Marina H. Smith in the Introduction to the 46 Jews published here, who survived the Holocaust, tells the reader: ‘Every life is different. Every story is different too.’ That is true of us all, but there is a pattern of before and after. The survivors are young, middle or upper-class adolescents, some of them younger children, when the Nazis came to power and swept through Europe, when transport to the East meant certain death in Concentration Camps such as Auschwitz. I came to hear about this volume when a fellow writer Elsie wrote a moving peace about the funeral of her father. His story is here, each story different, each story the same, a broad synagogue of suffering, arranged alphabetically under S for Schaufeld, Avara, ‘A Journey – Chorzow to Wembley’ followed by the story of Elsie’s mother Vera, ‘Saved by the Kindertransport’.
Vera Schaufeld’s story is self-explanatory. She grew up in Klatovoy in the 1930s. Her father studied law and one of his teachers went on to become President of Czechoslovakia. Her mother was a paediatrician who studied in Prague and Paris. The population of their town was around 8000 and about 350 of them were Jews. Vera’s parents weren’t observant Jews. They were assimilated intellectuals. The nearest kosher butcher, for example, was 30 miles away. After Hitler invaded Czechoslovakia on the 15th March 1938 Jewish survivors could be counted on one hand. Vera’s mother and father used what clout they had to get their daughter on one of the Kindertransports leaving Prague for England. She survived, quickly forgetting how to speak Czech and German, becoming nominally assimilated into everyday English life. Her family died.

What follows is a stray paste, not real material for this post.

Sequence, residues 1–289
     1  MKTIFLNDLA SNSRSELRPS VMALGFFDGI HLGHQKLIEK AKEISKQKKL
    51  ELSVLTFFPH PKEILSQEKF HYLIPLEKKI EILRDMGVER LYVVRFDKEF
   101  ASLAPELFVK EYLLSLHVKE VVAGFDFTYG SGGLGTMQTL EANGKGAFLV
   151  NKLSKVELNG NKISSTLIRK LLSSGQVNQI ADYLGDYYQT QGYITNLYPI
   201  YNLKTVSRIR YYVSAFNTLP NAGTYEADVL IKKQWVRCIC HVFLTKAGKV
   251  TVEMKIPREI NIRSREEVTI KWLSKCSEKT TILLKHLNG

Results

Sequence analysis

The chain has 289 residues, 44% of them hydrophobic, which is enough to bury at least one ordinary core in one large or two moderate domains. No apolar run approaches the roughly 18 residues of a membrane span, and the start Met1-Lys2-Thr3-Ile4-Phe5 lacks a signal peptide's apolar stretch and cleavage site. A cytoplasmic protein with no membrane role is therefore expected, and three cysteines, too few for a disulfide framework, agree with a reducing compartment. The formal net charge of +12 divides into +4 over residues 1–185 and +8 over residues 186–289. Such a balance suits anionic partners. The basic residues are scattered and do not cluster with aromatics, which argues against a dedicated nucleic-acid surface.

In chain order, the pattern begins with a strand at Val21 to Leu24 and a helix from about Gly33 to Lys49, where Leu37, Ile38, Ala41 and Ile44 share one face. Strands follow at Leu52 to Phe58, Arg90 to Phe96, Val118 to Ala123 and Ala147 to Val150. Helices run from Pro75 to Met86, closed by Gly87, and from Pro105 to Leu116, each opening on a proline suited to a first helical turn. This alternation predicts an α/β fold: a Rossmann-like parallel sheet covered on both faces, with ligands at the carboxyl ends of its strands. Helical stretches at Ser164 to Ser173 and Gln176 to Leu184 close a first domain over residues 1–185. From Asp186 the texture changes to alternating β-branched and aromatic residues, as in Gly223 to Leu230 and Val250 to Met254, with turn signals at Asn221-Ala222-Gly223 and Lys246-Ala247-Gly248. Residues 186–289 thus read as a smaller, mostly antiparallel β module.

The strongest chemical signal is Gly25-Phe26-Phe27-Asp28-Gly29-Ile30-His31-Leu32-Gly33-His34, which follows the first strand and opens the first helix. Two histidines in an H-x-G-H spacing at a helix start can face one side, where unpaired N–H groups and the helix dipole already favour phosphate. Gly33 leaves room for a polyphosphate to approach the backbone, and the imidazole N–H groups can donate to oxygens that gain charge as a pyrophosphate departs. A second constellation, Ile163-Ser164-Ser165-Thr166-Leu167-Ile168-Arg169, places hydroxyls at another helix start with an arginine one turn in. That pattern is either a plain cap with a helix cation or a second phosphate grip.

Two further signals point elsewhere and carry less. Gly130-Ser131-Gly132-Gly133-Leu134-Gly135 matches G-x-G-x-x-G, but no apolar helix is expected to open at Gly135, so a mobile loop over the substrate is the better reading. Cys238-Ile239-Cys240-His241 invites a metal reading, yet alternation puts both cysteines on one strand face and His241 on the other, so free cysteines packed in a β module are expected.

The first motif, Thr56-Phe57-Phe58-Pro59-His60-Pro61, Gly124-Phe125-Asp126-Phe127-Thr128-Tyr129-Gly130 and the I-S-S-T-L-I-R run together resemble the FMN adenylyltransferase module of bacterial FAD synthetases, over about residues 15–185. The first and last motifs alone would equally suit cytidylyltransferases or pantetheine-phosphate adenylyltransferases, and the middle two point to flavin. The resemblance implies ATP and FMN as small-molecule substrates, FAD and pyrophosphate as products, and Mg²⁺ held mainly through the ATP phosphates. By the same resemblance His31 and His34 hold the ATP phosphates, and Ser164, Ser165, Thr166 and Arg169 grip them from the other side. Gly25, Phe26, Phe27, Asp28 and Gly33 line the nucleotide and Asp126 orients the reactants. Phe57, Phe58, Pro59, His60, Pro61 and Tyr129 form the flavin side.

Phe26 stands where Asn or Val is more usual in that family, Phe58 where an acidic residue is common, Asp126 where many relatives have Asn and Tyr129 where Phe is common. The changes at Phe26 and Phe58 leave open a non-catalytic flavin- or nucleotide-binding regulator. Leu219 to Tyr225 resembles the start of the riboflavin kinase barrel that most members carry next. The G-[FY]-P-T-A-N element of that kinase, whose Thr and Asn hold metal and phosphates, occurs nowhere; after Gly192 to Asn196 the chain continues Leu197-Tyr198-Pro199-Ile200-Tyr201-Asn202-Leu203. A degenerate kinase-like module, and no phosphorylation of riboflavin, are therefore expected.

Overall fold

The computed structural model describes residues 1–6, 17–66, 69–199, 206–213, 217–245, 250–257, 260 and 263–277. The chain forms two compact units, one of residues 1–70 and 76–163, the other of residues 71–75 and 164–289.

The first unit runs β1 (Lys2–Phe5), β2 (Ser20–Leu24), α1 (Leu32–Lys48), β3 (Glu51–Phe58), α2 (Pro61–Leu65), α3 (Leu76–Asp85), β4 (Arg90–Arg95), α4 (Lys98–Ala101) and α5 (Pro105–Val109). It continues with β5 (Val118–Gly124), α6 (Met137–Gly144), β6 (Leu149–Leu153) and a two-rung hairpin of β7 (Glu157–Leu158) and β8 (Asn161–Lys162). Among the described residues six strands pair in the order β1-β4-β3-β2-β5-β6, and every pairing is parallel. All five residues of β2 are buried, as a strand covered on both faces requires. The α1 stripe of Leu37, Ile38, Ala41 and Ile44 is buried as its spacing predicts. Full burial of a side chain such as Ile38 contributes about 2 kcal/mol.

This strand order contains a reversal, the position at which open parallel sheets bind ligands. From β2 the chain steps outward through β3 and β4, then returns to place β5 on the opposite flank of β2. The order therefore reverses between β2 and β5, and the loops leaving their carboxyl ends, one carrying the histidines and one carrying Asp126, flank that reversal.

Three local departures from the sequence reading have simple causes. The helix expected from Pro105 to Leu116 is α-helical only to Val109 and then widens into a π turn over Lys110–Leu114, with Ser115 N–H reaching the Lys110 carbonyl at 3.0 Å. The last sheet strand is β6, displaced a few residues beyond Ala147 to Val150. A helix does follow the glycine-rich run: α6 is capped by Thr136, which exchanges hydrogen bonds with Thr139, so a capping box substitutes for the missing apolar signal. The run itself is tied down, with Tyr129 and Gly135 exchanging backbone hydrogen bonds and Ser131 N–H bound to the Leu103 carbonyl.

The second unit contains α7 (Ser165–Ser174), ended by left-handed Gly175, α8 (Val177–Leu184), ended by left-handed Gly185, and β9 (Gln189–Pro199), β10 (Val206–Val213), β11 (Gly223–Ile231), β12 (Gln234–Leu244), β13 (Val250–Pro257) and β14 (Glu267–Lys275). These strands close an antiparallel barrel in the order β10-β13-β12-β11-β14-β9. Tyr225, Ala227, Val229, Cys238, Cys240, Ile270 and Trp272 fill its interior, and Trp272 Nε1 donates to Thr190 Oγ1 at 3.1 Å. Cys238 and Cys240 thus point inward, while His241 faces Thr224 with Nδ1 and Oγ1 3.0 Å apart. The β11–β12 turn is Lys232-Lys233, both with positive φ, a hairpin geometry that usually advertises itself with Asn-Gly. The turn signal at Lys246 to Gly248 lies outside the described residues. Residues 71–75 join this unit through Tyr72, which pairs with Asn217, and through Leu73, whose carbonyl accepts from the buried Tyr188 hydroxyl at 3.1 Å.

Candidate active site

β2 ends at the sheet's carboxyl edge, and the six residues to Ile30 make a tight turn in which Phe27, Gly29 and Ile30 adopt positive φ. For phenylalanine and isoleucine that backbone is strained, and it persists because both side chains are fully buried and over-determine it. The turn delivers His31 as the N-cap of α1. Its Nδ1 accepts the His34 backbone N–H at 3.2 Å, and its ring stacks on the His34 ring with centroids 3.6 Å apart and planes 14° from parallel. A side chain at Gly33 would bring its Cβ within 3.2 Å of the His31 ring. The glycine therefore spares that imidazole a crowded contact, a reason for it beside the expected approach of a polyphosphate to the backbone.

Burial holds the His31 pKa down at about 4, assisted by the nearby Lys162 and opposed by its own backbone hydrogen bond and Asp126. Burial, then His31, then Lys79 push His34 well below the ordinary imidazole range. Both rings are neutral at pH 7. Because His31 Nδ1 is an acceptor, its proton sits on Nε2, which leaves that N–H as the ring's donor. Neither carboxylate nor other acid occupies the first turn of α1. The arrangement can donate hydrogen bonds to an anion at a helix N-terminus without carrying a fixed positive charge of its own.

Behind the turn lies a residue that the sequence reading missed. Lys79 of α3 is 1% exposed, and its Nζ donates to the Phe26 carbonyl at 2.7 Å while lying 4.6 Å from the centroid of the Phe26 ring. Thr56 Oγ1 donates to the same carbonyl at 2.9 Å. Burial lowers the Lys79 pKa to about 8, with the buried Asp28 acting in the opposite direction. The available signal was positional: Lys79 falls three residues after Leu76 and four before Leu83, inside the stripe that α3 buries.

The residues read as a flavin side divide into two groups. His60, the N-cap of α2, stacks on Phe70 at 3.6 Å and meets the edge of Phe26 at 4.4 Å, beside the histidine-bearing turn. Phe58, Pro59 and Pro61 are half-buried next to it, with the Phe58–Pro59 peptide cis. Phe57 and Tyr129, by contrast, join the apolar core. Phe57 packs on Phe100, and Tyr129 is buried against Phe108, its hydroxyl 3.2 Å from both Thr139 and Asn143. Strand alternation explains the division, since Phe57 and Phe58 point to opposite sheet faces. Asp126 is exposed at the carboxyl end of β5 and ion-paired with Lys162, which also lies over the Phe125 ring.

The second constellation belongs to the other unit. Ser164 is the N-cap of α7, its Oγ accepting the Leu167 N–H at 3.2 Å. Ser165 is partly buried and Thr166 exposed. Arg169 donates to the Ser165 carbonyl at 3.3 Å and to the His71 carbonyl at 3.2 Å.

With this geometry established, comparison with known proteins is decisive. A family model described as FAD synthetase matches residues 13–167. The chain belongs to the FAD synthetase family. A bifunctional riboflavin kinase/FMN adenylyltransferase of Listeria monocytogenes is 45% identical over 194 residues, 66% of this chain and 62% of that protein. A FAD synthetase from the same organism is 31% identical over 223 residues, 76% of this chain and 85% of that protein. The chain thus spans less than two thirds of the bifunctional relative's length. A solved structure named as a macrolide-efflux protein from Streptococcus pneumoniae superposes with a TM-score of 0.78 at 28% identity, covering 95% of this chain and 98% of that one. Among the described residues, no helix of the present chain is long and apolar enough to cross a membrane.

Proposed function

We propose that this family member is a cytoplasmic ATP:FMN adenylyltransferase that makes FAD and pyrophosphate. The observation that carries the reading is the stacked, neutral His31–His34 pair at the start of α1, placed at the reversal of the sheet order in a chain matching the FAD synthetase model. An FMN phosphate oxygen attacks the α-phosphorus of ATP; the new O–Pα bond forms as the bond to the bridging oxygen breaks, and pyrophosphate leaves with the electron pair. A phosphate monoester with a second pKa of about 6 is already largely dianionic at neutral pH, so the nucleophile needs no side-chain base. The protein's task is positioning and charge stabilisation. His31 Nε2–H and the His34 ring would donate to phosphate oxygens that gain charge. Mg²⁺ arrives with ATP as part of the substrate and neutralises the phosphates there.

Her odyssey was not unique other tell here of the rituals of humiliation on the Kindertransport of having their property looted and of a group of children being taken from the train on the Dutch border and being made to lick the platform by SS men and missing the train, being sent back to their deaths. Vera met Avram and they married. Here again is a commonality, like marrying like. I imagine it has little to do with Jewishness, more to do with unspoken suffering. After the war nobody much talked about the camps, the deaths, and nobody much wanted to know. For ten years or more there was collective amnesia and silence.
Andre Swarz-Bart in his fictional masterpiece The Last of the Just chronicles the pogroms against the Jews, against the idea of their otherness, and the way ‘history penetrates legend and is assimilated by it’. And the Just Jews, Lamed-Vow, becomes ‘experts in sorrow’.
O God, cover not our blood with thy silence.